Tunnel Business Magazine

APR 2018

TBM: Tunnel Business Magazine is the market leader for North America. TBM is written for leading professionals in all aspects of tunneling and covers project stories, design elements, contracting strategies, legal issues, new technology and more.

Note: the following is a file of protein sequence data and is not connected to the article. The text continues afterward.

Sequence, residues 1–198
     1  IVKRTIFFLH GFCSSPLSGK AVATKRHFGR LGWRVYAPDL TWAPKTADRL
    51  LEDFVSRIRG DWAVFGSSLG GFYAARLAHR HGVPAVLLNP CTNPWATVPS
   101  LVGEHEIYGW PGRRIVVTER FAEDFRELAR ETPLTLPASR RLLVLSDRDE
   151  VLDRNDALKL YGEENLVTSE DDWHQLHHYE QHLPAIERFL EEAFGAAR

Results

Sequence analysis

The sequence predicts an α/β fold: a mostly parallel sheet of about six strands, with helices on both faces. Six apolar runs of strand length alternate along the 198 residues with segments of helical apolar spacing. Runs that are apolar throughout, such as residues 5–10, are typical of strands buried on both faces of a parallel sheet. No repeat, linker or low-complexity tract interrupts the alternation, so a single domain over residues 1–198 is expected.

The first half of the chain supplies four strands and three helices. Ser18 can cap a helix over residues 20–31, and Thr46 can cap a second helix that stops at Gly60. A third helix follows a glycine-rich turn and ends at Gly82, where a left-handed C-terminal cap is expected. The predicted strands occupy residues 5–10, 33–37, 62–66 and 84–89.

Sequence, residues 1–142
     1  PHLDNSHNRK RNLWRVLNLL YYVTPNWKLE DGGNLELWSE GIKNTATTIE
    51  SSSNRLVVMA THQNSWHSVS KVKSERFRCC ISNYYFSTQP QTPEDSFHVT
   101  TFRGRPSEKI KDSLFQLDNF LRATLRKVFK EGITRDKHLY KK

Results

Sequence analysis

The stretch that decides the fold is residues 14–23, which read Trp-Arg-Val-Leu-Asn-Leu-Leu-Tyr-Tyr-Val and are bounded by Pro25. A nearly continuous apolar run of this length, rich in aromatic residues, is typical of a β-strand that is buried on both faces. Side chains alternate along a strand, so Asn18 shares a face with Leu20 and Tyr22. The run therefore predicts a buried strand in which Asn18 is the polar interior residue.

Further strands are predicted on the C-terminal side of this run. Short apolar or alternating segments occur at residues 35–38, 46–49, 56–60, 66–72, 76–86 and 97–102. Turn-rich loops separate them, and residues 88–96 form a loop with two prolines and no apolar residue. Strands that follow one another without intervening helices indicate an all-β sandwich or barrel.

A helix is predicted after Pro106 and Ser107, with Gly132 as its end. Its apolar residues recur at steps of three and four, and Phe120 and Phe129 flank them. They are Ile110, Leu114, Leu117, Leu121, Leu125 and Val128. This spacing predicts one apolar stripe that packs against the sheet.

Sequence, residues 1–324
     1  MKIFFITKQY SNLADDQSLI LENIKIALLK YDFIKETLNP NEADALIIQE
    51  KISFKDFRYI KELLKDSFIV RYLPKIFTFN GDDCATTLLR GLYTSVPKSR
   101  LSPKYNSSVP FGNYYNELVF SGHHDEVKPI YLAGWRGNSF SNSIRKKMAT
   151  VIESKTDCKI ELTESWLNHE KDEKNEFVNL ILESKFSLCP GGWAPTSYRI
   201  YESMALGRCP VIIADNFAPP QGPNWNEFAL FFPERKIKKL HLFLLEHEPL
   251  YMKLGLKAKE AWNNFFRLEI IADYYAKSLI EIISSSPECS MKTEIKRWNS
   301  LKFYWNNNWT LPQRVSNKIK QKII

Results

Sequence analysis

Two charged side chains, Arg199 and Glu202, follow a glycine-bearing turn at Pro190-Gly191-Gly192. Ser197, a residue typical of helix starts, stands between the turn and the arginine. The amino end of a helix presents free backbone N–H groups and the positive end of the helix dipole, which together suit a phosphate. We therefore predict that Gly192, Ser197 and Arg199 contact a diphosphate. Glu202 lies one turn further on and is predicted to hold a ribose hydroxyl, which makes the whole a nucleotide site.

Issue link: http://digital.tunnelingonline.com/i/958953

Contents of this Issue

Navigation

Page 38 of 47